Election Day brings good news for K-12 reform in Colorado, but setbacks in other races around the nation

Nov 6, 2013 by

MUSKEGON, Mich. – Election Day delivered mixed results for education reform advocates.

Of the six races EAGnews was closely following, three had favorable results for reform proponents, while the other three represented lost ground.

The good news first.

The innovative school board in charge of Colorado’s Douglas County School District was given an enthusiastic thumbs-up by voters. All four pro-reform candidates won their races, overcoming a variety of teacher union-backed campaign stunts designed to turn taxpayers against the conservative school board.

“The majority of people like the way things are headed and want to see them implemented,” newly elected board member Judi Reynolds told OurColoradoNews.com.

That direction includes market-based pay for teachers, a disempowered teachers union, and a potential voucher system operated by the district.

The election results represent a serious setback for state and national teacher unions that targeted the conservative school board for defeat. The race had gained nationwide attention as a measure of popular support for anti-union, pro-student reforms.

The good news continues in nearby Denver Public Schools, where all four pro-reform school board members won their races.

The Denver Post reports, “Traditionally more evenly split, the school board could end up with a 6-1 majority in favor of (school Superintendent Tom) Boasberg’s reforms, which have included shuttering low-performing schools, implementing new teacher-accountability measures, and bolstering the number of charter and charter-like schools.”

The busy Colorado voters also overwhelmingly rejected Amendment 66, a nearly $1 billion tax increase proposal that was designed to prop up the state’s big-spending – and subsequently cash-strapped – public schools.

The extra revenue would have allowed Colorado schools to expand preschool and full-day kindergarten programs, support for English-language learners, and funding for charter schools.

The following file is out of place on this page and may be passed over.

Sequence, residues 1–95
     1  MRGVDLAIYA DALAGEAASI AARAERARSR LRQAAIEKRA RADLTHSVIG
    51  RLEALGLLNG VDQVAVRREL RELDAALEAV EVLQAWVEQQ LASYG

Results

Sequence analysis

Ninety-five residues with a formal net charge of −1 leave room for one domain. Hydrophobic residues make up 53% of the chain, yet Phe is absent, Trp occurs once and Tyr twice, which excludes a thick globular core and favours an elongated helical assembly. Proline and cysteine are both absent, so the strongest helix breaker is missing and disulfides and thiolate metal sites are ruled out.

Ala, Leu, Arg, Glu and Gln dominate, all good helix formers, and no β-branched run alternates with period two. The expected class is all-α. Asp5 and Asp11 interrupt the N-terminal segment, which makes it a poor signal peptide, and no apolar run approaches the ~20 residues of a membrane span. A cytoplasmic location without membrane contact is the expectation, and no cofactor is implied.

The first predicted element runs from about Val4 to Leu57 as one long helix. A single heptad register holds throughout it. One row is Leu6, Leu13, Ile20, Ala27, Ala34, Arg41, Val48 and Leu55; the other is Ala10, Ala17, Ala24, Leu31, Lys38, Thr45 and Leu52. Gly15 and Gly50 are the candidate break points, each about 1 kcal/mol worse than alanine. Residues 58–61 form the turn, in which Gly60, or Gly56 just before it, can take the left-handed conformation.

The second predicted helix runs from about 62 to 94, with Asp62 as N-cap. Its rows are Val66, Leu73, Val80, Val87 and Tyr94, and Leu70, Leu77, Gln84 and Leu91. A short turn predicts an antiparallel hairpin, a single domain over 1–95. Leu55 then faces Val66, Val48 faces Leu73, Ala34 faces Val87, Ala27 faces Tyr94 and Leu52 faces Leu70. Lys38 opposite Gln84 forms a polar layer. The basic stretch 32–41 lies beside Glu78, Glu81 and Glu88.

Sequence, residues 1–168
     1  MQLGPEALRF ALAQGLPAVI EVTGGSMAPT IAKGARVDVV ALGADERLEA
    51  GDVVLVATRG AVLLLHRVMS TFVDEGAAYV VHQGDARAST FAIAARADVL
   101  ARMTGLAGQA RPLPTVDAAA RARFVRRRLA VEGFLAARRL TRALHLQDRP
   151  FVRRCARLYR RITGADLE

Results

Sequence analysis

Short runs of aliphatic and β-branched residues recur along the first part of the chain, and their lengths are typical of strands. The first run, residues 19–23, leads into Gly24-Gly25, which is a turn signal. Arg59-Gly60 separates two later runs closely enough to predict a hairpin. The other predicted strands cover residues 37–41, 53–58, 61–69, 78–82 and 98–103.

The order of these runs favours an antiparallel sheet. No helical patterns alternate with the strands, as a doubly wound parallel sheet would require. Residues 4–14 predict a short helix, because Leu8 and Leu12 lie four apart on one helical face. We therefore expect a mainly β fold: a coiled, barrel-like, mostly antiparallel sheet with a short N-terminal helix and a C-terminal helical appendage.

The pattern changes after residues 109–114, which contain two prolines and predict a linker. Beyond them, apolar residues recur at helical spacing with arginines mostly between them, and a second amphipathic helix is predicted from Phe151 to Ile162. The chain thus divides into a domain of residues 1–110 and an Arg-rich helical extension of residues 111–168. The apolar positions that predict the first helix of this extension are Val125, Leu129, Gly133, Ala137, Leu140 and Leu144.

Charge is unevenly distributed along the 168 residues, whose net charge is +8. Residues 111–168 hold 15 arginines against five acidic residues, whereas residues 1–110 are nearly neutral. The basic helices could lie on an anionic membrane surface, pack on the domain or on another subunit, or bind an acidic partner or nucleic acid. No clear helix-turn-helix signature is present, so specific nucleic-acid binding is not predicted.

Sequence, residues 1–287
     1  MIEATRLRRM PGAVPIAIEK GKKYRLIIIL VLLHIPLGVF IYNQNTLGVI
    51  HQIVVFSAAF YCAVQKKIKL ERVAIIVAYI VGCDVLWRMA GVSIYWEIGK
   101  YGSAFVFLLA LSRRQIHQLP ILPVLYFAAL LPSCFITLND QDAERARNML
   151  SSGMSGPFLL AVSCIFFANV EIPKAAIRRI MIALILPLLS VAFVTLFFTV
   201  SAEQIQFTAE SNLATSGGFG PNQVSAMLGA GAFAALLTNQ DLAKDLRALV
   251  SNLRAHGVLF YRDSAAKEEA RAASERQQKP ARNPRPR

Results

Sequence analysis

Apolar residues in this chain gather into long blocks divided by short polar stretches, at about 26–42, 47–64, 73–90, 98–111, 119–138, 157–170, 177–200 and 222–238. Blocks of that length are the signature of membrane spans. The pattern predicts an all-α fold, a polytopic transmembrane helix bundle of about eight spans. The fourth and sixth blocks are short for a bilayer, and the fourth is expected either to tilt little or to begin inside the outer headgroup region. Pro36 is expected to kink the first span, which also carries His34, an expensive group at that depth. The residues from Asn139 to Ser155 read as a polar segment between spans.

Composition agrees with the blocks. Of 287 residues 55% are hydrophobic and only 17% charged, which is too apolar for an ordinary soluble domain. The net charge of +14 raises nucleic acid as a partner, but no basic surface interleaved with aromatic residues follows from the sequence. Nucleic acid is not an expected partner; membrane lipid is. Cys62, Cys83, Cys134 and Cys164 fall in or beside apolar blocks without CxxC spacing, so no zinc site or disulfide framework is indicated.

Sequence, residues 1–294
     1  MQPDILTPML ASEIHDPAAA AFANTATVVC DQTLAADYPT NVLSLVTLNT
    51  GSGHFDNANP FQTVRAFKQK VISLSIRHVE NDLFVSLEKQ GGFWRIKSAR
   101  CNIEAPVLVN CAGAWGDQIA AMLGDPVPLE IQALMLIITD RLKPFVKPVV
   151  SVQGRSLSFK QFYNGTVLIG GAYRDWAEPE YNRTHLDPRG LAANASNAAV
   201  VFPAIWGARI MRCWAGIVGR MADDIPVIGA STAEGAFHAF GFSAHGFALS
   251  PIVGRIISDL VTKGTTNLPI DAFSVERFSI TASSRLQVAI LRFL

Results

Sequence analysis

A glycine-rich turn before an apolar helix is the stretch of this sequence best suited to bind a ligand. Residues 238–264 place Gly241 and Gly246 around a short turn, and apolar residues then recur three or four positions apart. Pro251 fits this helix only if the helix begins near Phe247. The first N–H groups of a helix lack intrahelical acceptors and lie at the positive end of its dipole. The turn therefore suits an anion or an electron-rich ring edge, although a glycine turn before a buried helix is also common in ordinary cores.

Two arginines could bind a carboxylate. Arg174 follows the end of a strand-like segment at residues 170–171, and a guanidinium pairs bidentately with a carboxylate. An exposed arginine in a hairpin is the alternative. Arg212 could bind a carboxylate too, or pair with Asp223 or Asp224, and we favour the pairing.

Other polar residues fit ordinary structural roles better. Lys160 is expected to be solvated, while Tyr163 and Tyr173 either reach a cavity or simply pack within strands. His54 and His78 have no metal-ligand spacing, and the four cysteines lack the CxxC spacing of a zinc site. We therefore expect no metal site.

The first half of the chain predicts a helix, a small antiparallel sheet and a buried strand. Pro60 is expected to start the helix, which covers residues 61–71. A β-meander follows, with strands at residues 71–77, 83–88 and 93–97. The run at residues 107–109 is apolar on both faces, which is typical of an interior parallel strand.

“Colorado families spoke loud and clear,” Kelly Maher, executive director of Compass Colorado, which opposed Amendment 66, told the Denver Post. “We need substantive outcome-driven reforms to the educational system before we ask families and small businesses to foot a major tax bill.”

The not-so-good news

Reformers’ biggest loss of the night occurred in New York City, where anti-charter school Democrat Bill de Blasio enjoyed a landslide victory over his Republican challenger in the race to replace retiring Mayor Michael Bloomberg.

New York City schools are under mayoral control, which means de Blasio will have significant power to stop the addition of more charter schools to the city, and to force cash-starved charter schools to pay rent to their government school landlords, with whom they share building space.

The result is that the future of New York City’s successful charter program is now “in question,” according to Newsweek.

But that’s only the beginning of the damage Mayor-elect de Blasio could inflict to the city’s decade-long education reform effort. The New York Post reports de Blasio is vetting American Federation of Teachers President Rhonda “Randi” Weingarten to become the city’s next schools chancellor.

Weingarten is also an outspoken critic of charter schools, and she opposes linking student learning to teacher evaluations “and most of the other reforms Mayor Bloomberg enacted,” The New York Post reports.

“The idea of putting a union chief in charge of a school system is mind-boggling,” one political consultant told the news site. “It strains credulity that de Blasio would go that far.”

Unionists scored another victory over in Boston, where former legislator and long-time labor leader Marty Walsh became the city’s next mayor.

While Walsh favors lifting the state’s current charter school cap, he has promised to work with the Boston Teachers Union (BTU) to improve the city’s school system, reports WBUR.org.

That signals Walsh will be far less bold in his approach to K-12 than his opponent, John Connolly, would have been. That explains why the BTU threw its support behind Walsh “at the last minute” and why Walsh’s campaign was “fueled by unprecedented spending by organized labor from the across the country,” according to Boston.com.

Reformers also suffered a discouraging defeat in Ohio’s Springboro Community City school district, where current board President Kelly Kohls has implemented a variety of “children first” policies that put her in direct conflict with the state and local teachers union.

Union-friendly candidates won all three open seats – including the one being vacated by Kohls. The outcome signals the Springboro district will revert back to spending practices and school policies that put the interests of adult employees ahead of students’ needs.

Election Day brings good news for K-12 reform in Colorado, but setbacks in other races around the nation – EAGnews.org powered by Education Action Group Foundation, Inc..

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